Richard Barnbrook seems to have become associated with BNP dissidents who believe that Griffin should step aside from the leadership, and his punishment (so far) seems to be that of being made persona non grata.

Griffin runs the BNP with the same degree of paranoia that he once ran the National Front, divisions and purges following the man around like a dog on a lead. Making Barnbrook a non-person could be the harbinger to yet another round of Griffin-inspired expulsions, but we doubt that Barnbrook himself will be touched unless a plausible excuse can be found to sell his departure to the gullible BNP membership.

We are, though, expecting the fun to begin at regional and branch level very soon as Griffin's men identify and isolate the dissenters.

7 August 2009

Dispersal orders issued ahead of anti-Muslim demo

Anti Muslim protestors and their anti fascist counterparts planning to gather in Birmingam on Saturday will be greeted by draconian dispersal orders, warning them that the police can move on any gathering of two people or more if they believe they have good cause.

There has been no advance publicity about the decision to invoke the powers, which are presumably based on anti-terror legislation, but warning notices have already started appearing on lamposts around the city centre. The powers will also remain "live" for several weeks after the event.

The threat to the civil liberties of ordinary peace-loving Brummies is being compromised, it seems, to allow a group of far-right rabble rousers to have a march on the busiest shopping day of the week - a privilege recently denied to pro-Palestinian marchers protesting against Israel's invasion of Gaza.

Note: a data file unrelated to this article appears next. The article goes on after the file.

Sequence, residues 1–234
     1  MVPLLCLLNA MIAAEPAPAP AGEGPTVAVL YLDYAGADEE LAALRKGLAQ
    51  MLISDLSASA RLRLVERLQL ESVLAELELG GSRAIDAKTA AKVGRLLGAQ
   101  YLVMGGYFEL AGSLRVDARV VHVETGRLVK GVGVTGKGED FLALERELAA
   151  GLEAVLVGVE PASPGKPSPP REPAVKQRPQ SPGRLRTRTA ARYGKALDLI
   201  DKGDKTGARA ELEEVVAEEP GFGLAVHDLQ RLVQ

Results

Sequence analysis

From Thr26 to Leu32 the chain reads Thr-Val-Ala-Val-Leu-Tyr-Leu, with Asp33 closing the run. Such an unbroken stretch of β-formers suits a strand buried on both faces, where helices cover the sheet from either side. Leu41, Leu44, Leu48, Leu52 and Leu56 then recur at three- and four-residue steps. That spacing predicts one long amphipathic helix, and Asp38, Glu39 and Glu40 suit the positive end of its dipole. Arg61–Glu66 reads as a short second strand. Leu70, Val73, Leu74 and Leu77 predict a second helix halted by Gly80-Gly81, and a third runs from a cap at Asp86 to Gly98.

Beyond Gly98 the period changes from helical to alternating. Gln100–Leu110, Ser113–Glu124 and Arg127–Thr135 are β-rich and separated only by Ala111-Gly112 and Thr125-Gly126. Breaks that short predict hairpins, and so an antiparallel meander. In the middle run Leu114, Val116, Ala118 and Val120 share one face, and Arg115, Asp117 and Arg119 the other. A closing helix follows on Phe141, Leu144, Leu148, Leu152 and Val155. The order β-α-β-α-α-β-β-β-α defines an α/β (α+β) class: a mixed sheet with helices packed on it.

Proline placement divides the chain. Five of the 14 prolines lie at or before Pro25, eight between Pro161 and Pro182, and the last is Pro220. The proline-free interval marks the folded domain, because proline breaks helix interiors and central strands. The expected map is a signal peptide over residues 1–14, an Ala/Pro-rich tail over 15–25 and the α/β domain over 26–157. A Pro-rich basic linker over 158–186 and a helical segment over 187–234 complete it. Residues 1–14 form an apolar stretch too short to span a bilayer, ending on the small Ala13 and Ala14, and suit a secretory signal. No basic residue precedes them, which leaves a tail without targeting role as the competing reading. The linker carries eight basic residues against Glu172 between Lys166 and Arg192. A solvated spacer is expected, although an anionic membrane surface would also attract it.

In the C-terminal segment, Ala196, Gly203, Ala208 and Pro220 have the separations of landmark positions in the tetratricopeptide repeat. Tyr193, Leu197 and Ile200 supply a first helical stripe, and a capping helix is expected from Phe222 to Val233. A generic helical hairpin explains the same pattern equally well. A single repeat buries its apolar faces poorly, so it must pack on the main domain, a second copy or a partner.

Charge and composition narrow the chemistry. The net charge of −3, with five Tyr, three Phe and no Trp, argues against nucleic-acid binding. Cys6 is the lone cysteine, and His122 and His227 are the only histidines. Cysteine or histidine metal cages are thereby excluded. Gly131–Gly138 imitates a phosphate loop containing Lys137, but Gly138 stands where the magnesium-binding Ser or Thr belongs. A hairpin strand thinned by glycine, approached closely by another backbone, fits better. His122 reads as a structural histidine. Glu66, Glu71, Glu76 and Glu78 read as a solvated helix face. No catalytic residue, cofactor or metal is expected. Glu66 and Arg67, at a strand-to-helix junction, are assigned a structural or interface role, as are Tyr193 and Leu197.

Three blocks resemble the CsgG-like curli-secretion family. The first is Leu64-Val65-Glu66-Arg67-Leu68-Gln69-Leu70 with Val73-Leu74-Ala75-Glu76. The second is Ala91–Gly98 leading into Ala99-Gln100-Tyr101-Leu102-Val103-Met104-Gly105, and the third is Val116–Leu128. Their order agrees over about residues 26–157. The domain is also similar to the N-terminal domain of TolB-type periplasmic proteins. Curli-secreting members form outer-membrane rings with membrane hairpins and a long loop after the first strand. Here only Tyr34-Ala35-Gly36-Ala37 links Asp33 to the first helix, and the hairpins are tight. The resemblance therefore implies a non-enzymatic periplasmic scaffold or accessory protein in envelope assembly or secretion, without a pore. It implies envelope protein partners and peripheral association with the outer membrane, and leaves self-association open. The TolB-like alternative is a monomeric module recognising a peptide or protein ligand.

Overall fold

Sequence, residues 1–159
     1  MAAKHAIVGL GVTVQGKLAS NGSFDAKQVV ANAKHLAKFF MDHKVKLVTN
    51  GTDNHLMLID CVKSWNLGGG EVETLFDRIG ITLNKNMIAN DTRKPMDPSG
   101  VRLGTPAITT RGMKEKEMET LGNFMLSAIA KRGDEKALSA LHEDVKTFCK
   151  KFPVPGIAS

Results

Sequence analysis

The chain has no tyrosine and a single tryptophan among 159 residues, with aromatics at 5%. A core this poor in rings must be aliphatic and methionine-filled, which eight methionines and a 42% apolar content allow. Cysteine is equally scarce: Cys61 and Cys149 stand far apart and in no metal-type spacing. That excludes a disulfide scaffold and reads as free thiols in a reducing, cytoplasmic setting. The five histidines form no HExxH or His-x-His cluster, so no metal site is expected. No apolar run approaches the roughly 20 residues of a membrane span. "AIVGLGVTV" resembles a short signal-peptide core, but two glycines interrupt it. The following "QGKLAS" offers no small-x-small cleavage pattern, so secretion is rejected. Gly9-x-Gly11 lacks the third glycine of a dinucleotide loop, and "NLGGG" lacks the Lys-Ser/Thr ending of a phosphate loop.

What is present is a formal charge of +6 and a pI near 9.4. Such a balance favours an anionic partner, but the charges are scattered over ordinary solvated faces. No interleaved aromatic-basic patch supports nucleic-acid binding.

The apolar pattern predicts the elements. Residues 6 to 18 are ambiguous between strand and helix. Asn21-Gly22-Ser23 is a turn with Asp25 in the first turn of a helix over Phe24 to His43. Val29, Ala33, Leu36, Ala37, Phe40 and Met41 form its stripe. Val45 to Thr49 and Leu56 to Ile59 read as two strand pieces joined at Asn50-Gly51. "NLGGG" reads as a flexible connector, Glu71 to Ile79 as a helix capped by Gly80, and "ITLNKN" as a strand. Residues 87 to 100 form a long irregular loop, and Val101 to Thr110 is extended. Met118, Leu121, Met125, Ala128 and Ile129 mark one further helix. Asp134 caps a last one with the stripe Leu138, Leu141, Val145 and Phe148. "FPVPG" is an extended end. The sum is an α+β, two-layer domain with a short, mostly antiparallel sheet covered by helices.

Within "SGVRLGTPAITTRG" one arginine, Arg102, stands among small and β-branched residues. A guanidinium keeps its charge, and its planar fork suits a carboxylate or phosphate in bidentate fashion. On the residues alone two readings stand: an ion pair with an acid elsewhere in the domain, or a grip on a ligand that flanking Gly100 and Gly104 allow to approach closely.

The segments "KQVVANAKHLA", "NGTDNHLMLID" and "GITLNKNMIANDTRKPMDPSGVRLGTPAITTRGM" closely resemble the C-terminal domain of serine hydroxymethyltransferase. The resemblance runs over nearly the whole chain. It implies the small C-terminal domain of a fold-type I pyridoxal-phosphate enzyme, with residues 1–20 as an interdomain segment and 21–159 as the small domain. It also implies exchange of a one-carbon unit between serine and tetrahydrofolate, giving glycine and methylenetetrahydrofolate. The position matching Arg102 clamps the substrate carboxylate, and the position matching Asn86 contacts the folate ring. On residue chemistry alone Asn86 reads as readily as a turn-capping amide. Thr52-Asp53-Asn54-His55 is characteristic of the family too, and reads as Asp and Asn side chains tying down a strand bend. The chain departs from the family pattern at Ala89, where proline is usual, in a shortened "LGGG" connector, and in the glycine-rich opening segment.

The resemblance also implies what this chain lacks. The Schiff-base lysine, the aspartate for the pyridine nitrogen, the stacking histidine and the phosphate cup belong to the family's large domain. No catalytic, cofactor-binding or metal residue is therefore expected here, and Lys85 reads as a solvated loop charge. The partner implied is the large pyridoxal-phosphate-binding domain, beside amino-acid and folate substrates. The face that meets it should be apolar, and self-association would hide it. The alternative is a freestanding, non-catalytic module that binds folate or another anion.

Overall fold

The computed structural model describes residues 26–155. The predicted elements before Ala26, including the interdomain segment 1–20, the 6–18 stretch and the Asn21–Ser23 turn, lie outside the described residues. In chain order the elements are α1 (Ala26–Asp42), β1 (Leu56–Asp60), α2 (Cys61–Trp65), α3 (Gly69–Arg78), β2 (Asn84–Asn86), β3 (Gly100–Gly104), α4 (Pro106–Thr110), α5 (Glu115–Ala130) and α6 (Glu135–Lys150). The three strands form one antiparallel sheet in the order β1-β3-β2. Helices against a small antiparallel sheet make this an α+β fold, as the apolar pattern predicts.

Free speech is of course a precious right - but the police also have the job of upholding the law which, last time we looked, forbids incitement to racial hatred.

West Midlands Police were unavailable for comment last night.

The Stirrer

4 August 2009

Far-right talks up violence threat

Far right groups staging a demo against Muslim “extremism” in Birmingham on Saturday are already talking up the prospect of violence – no doubt hoping that it will become a self-fulfilling prophecy.

A previous demo in the city last month was organised by the English and Welsh Defence League, who had links to the BNP – while spokesman Paul Ray argued in a radio interview that all devout Muslims are “at war with our country”.

He's now taking a backseat in organising the campaign, having passed the mantle to a group called Casuals United who describe themselves as “ex football lads united against extremists”.

They claim not to be racists or Nazis, but their site talks unashamedly about “removing Islam”. The group also says it’s liaising with West Midlands police about a march from the Bull Ring to the “council offices”.

The choice of date of their visit may or may not be coincidental (the eighth of the eighth has been linked to the eighth letter of the alphabet, giving the initials HH for ‘Heil Hitler’) but in any event it spells trouble for Brum.

One posting on the racist Stormfront website yesterday, talks up the prospect of aggro. It says: “This could well be the turning point, if it all descends into violence we must not lose, our future depends on it!

“They will not be up for a bout of 'fisty cuffs', they will be armed. So be prepared (how 'prepared' is up to you).

”Have your cameras ready, as when the police come wading in on OUR PEOPLE, you need to film the severe beatings they dish out, and also the grace with which they treat the opposition. This could prove priceless later!

”Suggest that a splinter group meet outside Zavvi's at 5pm and 'introduce themselves whole heartedly' to the reds, before the reds have the luxery [sic] of police (liebour stormtrooper) protection.”

There have been suggestions that Muslim youths and anti-fascist protestors might be on hand to provide a “welcoming committee” – which would no doubt be just what these agitators would want.

The question now has to be asked whether the right to free speech is outweighed by the threat to public safety and the likelihood of disorder in a city which is proud of its multi-racial heritage.